Photo by Omar Torres/AFP Getty Images
Ofrendas of food and beverages on an altar in Mexico City in preparation for Day of the Dead, October 31, 2008
The sight of altars and sugar skulls has become a common one in Los Angeles and in other parts of the United States, anywhere that Mexican immigrants have influenced the culture. El Día de Los Muertos, the Day of the Dead, is now as much a part of this season as Halloween.
But much of what has come across, as might be expected with a holiday that is so visually rich, is the art and the revelry. Not to say that revelry isn't a part of it, but this is not, as some may see it, a Mexican version of Halloween. One of the central themes of el Día de Los Muertos that often gets lost in translation is that even in death, our loved ones remain a part of our lives. It can be a bittersweet celebration, but sweet all the same.
There's a nice essay today on the News Taco website from Sara Inés Calderón, who writes about how she grasped the meaning of the Day of the Dead when she began losing loved ones:
...in the Latinized city of Los Angeles, Día de los Muertos always appeared to us as a series of news reports about community festivals and university celebrations, and perhaps even a slice of a lesson in public school. Skulls. Skeletons. Cool.
But it was not until I actually began to lose people in my life — my grandfather, my friend — that the essence of this celebration became real to me. Once someone passes, you are never the same, and remembering them becomes the only way you are still able to access them, or the person you were when they were with you. Honoring your dead — whether it’s by creating an elaborate altar (at the fireplace as we did) or just glancing at their photos, saying a prayer, remembering that, as my abuelito would say, “Recordar es vivir” (to remember is to live) — is actually just another way to celebrate life.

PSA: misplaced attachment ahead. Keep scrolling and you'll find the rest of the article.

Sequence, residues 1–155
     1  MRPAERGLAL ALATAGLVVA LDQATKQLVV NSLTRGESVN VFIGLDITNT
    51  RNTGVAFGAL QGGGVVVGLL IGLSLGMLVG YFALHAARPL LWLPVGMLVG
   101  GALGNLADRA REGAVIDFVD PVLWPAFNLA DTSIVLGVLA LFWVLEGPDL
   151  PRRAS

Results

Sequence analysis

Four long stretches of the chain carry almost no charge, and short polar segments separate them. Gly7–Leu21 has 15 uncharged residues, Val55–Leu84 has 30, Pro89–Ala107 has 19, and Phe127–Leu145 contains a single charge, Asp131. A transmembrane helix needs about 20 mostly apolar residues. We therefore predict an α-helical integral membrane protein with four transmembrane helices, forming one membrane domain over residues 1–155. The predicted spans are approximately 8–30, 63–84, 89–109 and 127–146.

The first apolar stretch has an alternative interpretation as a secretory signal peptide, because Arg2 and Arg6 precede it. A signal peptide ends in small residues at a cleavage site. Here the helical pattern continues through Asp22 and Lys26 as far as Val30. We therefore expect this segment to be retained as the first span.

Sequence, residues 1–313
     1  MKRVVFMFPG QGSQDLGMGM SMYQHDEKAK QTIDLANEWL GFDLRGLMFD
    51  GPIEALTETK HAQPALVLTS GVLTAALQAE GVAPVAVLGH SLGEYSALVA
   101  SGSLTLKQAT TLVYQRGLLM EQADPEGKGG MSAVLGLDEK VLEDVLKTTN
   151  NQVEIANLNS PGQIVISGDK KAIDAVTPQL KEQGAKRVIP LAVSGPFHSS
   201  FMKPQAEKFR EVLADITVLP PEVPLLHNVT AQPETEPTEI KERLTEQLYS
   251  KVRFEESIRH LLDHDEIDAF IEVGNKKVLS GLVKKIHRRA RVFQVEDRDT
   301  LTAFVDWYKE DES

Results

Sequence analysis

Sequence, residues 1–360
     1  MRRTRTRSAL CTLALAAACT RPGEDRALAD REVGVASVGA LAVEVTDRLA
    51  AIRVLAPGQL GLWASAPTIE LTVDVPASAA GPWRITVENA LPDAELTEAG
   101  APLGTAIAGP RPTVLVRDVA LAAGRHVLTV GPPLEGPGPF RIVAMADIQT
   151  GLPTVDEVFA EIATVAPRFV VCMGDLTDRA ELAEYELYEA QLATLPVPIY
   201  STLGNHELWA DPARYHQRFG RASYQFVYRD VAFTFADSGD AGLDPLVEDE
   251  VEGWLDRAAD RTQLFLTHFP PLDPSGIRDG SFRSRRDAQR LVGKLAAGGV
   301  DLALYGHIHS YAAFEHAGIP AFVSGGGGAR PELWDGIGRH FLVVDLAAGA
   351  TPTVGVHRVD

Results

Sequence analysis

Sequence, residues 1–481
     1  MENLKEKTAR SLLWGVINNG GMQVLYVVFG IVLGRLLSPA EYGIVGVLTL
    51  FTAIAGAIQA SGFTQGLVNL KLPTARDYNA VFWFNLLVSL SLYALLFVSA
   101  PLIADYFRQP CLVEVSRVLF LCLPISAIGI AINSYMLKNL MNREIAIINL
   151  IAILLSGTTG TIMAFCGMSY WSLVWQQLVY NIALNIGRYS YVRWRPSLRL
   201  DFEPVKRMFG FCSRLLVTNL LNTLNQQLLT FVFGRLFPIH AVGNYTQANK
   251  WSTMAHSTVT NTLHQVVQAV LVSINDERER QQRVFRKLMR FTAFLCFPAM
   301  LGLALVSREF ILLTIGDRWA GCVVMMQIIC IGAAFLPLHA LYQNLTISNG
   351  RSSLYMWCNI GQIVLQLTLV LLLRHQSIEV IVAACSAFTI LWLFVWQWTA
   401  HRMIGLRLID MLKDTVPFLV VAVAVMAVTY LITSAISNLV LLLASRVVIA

Growing up in Los Angeles, I had a similar experience of the Day of the Dead, until the year after my Cuban-born grandfather died in 1999. I traveled to the Mexican state of Oaxaca the following fall, and was there during the holiday. Witnessing the graveside vigils, picnics and family reunions in a local cemetery, I missed my grandfather terribly - and it all made sense.
I wrote a story back then about being welcomed by one jovial group, several adult siblings sharing a meal at their sister's gravesite. "You must be very close," I said to one of the women:
"We are,” said another woman, smiling as she looked up from her plate. “But you know, this is really just a good excuse for us to get together and eat!”
They broke into exuberant laughter. I found myself laughing with them, the first time I’d ever laughed in a cemetery. It occurred to me that el Día de Los Muertos is not just about remembering the dead. Just as importantly, it is a celebration of life. Life is all the more vivid, and the company of those we love all the more precious, when we are reminded of how fragile and fleeting it is.
So with that, Feliz Día de Los Muertos.